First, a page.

Smeal and Leno Unveil Back to School Campaign for Afghan Women and Girls
Eleanor Smeal, president of the Feminist Majority Foundation, and Mavis Leno, chair of the Foundation's Campaign to Stop Gender Apartheid in Afghanistan unveiled a Back to School Campaign - a new initiative to raise public awareness of the brutal treatment of women and girls under the Taliban, which has banned them from attending schools, working or leaving their homes unaccompanied by a close male relative. The Back to School Campaign includes an Adopt-A-School Project, an Afghan Women's Scholarship Program, and a petition drive urging the U.S. government to do more to help Afghan women and girls.
"As women and girls return to schools throughout the United States, Afghan women and girls are not allowed to go to school. Through our Adopt-A-School Project, the Back to School Campaign will make a human connection between girls and boys in the United States and Afghan girls, between U.S. teachers and Afghan teachers, and between Americans who care and the Afghan women and girls who are suffering because of the Taliban's brutal regime," said Smeal. "We want to help the heroic women who are running home-based schools for girls in Afghanistan, and schools in Pakistan for Afghan refugees" added Smeal.
"Here are some of the donations that people can make: $20 will pay for a classroom chalkboard. $36 would be a teacher's salary for a month," explained Leno. "It's also no small thing to let your child know that they can stand up for human decency and human rights, that they can make a real difference in the life of other people in this world," added Leno.
The American public response to the Feminist Majority Foundation's Campaign To Stop Gender Apartheid in Afghanistan has been very encouraging. "We have been told by the State Department that our letter-writing campaign thus far has produced more mail than any other single foreign policy issue," said Smeal. The campaign is delivering some 211,000 petitions to Secretary of State Madeleine Albright, UN Secretary-General Kofi Annan and President Clinton, urging them to increase humanitarian aid and assistance to the women and girls of Afghanistan.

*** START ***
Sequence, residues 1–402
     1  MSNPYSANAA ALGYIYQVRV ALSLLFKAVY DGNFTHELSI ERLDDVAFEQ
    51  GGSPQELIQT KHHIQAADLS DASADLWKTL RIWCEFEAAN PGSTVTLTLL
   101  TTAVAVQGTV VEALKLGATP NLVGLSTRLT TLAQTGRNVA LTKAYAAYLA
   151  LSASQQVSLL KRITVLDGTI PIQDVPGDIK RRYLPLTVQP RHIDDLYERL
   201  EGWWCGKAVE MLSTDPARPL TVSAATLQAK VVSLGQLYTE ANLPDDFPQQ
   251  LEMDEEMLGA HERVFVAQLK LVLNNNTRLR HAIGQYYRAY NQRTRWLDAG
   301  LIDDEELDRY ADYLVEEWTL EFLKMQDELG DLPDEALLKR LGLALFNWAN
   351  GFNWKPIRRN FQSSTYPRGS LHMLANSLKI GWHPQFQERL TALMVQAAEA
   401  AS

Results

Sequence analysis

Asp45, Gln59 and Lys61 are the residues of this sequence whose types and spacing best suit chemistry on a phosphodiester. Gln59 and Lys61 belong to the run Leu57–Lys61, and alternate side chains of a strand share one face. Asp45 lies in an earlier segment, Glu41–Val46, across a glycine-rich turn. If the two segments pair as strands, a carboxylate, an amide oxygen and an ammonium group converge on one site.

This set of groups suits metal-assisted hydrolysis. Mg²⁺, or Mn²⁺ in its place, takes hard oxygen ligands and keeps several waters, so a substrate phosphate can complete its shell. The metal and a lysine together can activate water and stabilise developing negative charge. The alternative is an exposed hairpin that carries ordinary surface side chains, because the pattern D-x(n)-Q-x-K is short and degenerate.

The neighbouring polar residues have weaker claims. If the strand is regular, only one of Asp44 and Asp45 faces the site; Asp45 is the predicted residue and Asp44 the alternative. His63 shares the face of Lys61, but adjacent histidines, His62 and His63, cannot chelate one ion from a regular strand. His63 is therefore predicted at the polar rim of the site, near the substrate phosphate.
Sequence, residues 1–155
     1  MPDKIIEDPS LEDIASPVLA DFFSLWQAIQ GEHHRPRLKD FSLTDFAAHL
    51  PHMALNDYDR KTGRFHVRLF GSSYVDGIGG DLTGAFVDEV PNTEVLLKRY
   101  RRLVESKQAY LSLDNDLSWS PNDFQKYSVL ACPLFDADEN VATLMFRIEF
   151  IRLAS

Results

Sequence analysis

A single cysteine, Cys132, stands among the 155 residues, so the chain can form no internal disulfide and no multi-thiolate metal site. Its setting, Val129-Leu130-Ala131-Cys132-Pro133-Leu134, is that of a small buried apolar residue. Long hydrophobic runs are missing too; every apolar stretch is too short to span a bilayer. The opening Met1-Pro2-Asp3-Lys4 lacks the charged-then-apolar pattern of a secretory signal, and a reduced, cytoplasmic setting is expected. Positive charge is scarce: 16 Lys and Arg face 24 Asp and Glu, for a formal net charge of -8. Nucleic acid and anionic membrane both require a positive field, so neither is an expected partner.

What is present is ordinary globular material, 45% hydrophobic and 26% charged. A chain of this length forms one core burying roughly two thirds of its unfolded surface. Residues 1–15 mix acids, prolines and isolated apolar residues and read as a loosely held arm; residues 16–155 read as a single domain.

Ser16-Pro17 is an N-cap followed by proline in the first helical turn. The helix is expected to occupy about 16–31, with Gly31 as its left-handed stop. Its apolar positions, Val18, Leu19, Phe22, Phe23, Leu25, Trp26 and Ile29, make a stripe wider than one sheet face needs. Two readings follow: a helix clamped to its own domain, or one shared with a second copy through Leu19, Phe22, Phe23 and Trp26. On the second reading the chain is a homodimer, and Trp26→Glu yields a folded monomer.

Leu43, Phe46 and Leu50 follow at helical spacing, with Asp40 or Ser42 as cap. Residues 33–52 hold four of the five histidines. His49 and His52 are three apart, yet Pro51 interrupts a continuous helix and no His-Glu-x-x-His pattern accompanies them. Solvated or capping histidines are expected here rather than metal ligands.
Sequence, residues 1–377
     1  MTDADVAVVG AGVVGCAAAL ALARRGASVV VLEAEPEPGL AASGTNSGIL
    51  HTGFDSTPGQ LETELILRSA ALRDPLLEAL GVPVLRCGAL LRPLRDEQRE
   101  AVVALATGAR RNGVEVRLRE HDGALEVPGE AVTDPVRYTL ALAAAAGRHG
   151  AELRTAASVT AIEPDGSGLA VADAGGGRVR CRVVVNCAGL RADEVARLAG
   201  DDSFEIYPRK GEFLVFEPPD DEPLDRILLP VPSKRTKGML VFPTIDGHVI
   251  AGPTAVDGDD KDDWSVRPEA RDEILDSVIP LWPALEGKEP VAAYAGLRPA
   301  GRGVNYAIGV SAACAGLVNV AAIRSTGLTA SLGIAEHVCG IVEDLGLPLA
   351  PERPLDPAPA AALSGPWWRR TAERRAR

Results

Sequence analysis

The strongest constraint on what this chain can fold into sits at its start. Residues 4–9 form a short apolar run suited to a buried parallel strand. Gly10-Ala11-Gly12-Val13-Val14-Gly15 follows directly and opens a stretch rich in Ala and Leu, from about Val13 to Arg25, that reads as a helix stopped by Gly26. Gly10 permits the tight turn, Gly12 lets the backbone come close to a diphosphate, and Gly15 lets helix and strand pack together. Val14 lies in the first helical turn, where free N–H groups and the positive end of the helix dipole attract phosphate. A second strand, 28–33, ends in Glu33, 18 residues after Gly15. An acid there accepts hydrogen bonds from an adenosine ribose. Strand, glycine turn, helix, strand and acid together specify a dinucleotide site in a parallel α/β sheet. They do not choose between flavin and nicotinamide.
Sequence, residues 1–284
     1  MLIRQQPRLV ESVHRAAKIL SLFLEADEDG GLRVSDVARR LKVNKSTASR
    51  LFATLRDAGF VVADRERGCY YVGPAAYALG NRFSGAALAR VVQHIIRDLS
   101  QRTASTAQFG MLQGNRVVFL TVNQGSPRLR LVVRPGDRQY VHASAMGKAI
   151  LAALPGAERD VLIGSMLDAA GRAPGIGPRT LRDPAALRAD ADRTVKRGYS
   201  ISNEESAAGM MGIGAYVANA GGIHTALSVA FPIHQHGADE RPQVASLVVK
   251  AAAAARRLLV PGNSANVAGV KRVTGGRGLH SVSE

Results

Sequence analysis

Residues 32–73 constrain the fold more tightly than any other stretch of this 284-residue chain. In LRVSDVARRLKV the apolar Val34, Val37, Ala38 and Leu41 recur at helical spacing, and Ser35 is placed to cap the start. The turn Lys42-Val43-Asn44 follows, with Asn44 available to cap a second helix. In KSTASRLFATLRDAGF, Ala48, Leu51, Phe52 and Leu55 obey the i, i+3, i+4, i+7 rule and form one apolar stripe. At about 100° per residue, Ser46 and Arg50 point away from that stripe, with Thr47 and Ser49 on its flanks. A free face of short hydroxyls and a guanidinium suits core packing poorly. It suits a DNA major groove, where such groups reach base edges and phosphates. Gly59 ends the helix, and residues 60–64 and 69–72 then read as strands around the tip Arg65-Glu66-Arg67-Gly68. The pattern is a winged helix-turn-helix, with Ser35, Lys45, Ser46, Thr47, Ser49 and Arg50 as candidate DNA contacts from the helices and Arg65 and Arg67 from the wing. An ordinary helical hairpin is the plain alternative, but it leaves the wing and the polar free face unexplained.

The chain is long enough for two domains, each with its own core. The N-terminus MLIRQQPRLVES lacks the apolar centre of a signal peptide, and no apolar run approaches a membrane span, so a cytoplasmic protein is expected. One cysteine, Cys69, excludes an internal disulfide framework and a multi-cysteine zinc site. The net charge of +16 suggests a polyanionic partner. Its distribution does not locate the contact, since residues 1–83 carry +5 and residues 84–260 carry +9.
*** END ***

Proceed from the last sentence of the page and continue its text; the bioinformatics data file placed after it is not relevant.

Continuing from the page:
Frayba Wakili, the first Afghan Scholarship Program recipient who will start college this fall in Maryland, shared her courageous story with reporters. "Imagine being a teacher in a country where it is a crime to teach girls how to count. Imagine living in a country where a child could be killed for learning the alphabet or opening a book. This is what's happening in Afghanistan every day," said Wakili, as tears streamed down her face. "I am one of the fortunate ones, but I can't forget all the girls and women at home who are not as lucky as me," added Wakili.
Learn more about FMF's Back to School Campaign and get involved in the fight to end gender apartheid in Afghanistan.
Media Resources: Back to School Press Conference, August 24, 2000
10/31/2014 Federal Judge Exempts Another Catholic University from Birth Control Coverage - A federal judge ruled Tuesday that Ave Maria University, a Catholic university in Florida, does not have to comply with federal rules meant to ensure that covered employees can exercise their right to obtain birth control at no cost.
The Affordable Care Act requires all new health insurance plans to cover all FDA-approved contraceptives - such as the pill, emergency contraceptives, and IUDs - without charging co-pays, deductibles or co-insurance. . . .
10/31/2014 Women of Color in Tennessee Are United in Opposition to Amendment 1 - Just days before the general election in Tennessee, a coalition of community leaders, clergy, and advocates led a press conference encouraging women of color to vote no on Amendment 1, a dangerous and far-reaching measure on the state's ballot.
SisterReach, a grassroots organization focused on "empowering, organizing, and mobilizing women and girls in the community around their reproductive and sexual health to make informed decisions about themselves," organized the press conference "to call attention to the unique concerns Black and poor communities throughout Shelby County and across the state of Tennessee face on a daily basis" and to emphasize how the upcoming election "could further limit [black women's] reproductive, economic, political, and social autonomy."
"We assemble today to impress upon black women and women of color, many of whom are heads of households, to get out and vote," said SisterReacher Founder and CEO Cherisse Scott at the event.
SisterReach has been educating voters about the particularly dangerous impact of Amendment 1 on women of color. . . .
10/30/2014 Medication Abortion Access Threatened by Oklahoma Court Ruling - An Oklahoma state district court judge has refused to block a state law restricting medication abortion, clearing the way for the law to go into affect on November 1.
The Oklahoma Coalition for Reproductive Justice, together with a local abortion clinic in Tulsa, challenged HB 2684 in September, arguing that the law was an unconstitutional restriction on non-surgical abortion in the earliest weeks of pregnancy. . . .